3. Sclale the same face really small, then extrude again and scale bigger, then extrude again and scale smaller again, to look like the picture...
Go to side view: Polygon/ Create Polygon Tool
1. Create a Primitive polygonal Cube
In this technique we first create a low detail head by nurbs patch modeling then convert it to apolygon object, then we add detail to it. The reason is that we have more control on the basic shape in Nurbs modeling and then we apply powerful tools in polygon modeling to add details. You should know the basics of modeling in Maya to do the modeling technique in this tutorial.
I used Maya 8, so the menu names and some windows are a bit different.
Dragon will be exported in Zbush for further refining, so mesh will be very basic. However mesh must be made from quads since Zbrush can't handle n-sided polys. I don't like triangles either since they don't deform very well.
I put together a quick tutorial about using a very useful script by Steven T. L. Roselle, tied with another simple trick I used anytime I needed to quickly attach extra objects or details to a deformed or bound nurb model. I am confident this is a basic tutorial for many users, but I trust that it will really help those of you in sharp deadlines... Steven's script allows you to get a curve with construction history by selecting the edges of a polygonal model..... I have actually seen an update that will allow you to get curves from poly faces somewhere, as well. This is the link to Roselle's script: http://www.aliaswavefront.com/en/Community/Download/library/maya/scripts/modeling/crvOnPoly.mel The trick I use is to attach models to a path curve derived by extracting curves with construction history from deforming nurb models. Very simple and useful expecially if you forget to bind obj detail, like some buttons, to a deforming character, or if you want to avoid some tedious cv weighting for small added elements, while in a deadline crunch.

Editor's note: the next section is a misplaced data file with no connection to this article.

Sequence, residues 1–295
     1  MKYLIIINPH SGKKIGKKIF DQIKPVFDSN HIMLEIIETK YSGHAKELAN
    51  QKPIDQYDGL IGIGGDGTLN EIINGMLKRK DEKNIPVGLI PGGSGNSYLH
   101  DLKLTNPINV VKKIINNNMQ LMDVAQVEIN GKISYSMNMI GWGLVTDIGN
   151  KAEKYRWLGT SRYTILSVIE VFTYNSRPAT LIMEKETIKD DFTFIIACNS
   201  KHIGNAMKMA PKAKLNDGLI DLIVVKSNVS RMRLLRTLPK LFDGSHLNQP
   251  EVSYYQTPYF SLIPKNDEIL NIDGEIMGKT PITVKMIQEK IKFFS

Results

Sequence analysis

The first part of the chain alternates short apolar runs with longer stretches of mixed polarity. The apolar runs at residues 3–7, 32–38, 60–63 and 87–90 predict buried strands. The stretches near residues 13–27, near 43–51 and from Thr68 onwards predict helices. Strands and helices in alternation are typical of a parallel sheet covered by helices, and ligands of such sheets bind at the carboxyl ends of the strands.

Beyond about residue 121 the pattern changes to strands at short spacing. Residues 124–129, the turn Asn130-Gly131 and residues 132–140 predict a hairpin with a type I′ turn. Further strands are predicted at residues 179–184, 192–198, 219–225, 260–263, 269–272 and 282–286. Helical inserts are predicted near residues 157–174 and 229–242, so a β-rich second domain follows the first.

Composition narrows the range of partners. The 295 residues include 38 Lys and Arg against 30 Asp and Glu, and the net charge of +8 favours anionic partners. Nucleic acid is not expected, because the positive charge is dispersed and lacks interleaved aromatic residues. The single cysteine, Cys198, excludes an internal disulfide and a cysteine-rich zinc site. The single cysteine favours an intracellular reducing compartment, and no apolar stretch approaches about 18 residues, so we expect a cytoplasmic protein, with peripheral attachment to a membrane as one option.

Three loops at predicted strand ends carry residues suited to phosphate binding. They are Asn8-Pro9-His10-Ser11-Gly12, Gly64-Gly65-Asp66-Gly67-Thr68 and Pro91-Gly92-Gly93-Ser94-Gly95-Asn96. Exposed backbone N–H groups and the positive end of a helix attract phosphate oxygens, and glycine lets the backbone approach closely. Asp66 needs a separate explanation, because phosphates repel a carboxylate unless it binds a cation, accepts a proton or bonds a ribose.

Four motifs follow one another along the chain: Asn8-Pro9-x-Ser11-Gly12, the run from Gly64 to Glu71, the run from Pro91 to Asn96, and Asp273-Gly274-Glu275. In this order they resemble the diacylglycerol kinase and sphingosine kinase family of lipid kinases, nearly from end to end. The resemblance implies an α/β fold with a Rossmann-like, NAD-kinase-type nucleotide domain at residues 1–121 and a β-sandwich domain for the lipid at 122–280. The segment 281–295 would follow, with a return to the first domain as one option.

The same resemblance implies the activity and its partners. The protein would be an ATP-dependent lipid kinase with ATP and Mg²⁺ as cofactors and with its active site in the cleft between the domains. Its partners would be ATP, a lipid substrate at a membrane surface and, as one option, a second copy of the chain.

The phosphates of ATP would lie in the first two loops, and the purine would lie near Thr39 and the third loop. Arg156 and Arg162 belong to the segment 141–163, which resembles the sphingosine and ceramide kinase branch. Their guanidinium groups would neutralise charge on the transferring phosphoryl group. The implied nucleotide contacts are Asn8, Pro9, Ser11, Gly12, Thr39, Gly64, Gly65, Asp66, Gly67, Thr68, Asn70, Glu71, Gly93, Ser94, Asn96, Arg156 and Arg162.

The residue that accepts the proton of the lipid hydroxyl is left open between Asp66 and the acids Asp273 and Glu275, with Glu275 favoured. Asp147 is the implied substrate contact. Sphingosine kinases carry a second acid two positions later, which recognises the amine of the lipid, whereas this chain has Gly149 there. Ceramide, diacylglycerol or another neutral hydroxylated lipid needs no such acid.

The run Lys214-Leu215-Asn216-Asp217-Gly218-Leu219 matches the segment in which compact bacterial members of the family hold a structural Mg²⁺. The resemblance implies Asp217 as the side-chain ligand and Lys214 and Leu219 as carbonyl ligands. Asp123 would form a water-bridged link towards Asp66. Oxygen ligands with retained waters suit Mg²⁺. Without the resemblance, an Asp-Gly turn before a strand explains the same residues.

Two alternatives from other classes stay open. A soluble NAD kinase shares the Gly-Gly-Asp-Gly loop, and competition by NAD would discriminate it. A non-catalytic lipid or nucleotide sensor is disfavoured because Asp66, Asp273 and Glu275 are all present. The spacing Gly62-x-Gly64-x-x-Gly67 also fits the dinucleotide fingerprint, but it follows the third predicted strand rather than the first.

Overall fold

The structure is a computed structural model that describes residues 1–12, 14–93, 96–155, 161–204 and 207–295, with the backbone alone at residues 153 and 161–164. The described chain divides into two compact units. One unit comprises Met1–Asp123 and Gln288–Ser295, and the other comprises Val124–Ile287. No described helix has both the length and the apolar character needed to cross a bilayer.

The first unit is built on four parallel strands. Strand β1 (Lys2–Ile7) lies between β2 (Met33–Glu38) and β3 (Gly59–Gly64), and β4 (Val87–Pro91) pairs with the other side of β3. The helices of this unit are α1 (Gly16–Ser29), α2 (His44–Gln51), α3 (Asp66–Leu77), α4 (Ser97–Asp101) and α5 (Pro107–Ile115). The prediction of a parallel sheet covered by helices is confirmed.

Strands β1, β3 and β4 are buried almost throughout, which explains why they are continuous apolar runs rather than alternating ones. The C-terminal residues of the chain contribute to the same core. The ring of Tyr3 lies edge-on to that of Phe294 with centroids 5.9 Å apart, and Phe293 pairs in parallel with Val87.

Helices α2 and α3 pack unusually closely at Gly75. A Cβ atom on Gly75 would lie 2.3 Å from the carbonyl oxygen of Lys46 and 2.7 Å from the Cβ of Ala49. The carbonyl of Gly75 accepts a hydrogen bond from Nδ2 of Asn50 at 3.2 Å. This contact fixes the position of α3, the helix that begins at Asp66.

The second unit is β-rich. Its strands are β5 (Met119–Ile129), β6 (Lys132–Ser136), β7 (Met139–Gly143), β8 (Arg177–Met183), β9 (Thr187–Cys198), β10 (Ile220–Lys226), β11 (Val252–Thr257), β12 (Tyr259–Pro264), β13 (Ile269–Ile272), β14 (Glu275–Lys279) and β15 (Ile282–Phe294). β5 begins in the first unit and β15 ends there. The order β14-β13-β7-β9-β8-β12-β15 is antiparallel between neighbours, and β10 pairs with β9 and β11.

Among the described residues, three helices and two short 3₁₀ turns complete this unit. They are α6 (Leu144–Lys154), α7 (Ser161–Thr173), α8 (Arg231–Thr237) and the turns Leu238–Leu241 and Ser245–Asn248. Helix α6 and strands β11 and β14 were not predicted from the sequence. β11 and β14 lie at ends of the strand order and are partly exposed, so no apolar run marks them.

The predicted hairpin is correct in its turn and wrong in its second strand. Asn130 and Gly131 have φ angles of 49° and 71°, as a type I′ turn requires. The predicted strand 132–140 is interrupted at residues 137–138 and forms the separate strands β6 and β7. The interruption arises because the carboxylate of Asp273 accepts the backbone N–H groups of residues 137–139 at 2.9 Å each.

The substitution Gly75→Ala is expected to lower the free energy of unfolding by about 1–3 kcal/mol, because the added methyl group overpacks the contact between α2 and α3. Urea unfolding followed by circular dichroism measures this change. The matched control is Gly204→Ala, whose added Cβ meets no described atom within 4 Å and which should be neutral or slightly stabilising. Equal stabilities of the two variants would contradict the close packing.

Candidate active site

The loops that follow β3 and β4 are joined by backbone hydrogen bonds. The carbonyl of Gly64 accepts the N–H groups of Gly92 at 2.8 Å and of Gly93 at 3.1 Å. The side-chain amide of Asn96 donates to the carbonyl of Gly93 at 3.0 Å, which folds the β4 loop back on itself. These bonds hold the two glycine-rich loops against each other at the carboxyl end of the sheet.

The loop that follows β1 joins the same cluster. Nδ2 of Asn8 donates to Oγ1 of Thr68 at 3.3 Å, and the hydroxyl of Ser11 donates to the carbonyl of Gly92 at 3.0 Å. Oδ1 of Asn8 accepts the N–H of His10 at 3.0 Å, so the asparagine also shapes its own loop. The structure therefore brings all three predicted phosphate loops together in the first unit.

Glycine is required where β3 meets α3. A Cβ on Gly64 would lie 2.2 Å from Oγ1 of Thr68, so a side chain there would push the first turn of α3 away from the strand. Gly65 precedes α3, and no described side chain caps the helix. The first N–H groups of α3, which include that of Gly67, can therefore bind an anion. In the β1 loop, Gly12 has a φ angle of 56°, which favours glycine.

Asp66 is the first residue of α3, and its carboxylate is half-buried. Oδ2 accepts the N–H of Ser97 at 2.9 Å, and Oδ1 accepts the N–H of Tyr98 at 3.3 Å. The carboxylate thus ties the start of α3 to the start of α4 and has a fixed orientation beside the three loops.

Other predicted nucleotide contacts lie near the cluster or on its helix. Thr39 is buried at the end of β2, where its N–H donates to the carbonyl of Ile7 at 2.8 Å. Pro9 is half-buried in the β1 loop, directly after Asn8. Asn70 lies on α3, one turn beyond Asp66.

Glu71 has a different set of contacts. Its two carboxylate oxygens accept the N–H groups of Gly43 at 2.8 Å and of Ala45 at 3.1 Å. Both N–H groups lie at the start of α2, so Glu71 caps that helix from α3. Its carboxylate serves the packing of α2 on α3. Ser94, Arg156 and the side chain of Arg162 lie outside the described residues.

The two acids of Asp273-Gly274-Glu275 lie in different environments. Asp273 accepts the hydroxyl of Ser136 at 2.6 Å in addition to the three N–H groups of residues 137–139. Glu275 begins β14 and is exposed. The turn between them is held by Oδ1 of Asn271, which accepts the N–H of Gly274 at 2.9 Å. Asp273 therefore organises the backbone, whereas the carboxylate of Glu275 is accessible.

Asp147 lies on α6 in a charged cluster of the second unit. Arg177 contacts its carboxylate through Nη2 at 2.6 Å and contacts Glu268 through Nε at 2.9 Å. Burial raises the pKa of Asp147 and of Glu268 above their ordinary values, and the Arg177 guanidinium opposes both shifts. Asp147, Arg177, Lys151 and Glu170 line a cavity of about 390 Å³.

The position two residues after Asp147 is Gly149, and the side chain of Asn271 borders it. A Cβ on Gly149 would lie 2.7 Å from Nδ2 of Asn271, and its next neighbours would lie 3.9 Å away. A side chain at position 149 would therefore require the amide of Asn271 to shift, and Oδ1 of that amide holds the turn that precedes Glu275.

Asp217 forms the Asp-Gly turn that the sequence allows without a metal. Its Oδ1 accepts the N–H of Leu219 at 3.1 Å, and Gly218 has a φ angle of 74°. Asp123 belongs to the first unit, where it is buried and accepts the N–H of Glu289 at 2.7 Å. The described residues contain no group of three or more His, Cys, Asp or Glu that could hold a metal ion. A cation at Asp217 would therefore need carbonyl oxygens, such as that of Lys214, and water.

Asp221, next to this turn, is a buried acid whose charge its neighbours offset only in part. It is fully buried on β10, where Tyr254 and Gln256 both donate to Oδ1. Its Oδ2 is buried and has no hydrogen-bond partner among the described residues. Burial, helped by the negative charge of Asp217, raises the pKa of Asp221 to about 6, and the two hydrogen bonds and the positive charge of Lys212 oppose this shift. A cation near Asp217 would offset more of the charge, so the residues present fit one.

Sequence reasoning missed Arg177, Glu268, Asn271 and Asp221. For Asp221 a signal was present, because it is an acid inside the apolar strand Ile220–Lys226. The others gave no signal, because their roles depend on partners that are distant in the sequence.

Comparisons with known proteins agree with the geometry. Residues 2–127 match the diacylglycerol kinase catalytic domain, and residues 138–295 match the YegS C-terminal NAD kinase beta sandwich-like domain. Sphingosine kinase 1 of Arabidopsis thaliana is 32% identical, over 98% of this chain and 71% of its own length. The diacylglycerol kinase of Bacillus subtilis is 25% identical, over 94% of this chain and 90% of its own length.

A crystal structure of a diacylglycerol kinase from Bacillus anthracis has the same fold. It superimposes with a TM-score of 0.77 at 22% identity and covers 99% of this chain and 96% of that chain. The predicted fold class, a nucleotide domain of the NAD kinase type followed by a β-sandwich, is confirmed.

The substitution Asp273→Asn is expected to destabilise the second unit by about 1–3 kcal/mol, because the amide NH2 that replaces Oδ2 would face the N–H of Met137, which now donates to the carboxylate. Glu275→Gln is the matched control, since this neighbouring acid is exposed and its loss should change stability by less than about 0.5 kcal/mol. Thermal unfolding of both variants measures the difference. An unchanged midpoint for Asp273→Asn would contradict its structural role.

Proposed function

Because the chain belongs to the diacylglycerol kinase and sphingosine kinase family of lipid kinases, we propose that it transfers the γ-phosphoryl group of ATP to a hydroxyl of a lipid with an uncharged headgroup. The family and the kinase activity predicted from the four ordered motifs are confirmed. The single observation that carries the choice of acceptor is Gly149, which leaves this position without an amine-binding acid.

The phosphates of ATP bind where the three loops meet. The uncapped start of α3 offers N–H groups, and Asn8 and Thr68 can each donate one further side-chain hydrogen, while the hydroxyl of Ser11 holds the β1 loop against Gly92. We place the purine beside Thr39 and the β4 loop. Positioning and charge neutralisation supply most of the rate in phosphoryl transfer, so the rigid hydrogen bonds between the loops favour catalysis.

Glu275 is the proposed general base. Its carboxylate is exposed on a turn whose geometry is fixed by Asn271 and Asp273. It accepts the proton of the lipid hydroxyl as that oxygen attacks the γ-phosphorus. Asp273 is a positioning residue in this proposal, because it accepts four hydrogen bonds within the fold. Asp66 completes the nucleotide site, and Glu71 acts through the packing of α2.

1. Whenever I start up a new project, I always make a project folder for the work, that way everything is organised and in order. So in Maya I make a new project and set it to that project.
This is an overview of creating high polygon realistic 3D characters ( with a particular leaning toward the creation of the above model ). My inspiration for writing it, was that as a long time videogame artist used to working with real-time constraints, I wanted to learn high resolution modeling techniques, and I couldn't really find all the info needed on the subject in one handy place. It's a pretty barebones overview, since there is an entire books worth of material if everything were to be covered in serious detail. So I'm really talking about high level principles. It's also geared toward capturing a likeness, since that makes up the vast majority of the work I do, but I wont talk about rigging or lighting or rendering, since they're really not my areas of expertise, and entire tutorials in themselves. I'm attempting to keep it as non software specific as possible, but forgive me If I lapse into occasional Maya terminologies.
Advantages: 1. Simplicity 2. Intuitive interface (no stitching). 3. Speed of production. 4. Built in level of detail. 5. Single texture map for entire character. 6. All areas of the texture will be proportional to each other.
This final rendered image does include specular, and displacement maps to the stool. I am going to go through and explain what all three maps do, and how to apply them to your model.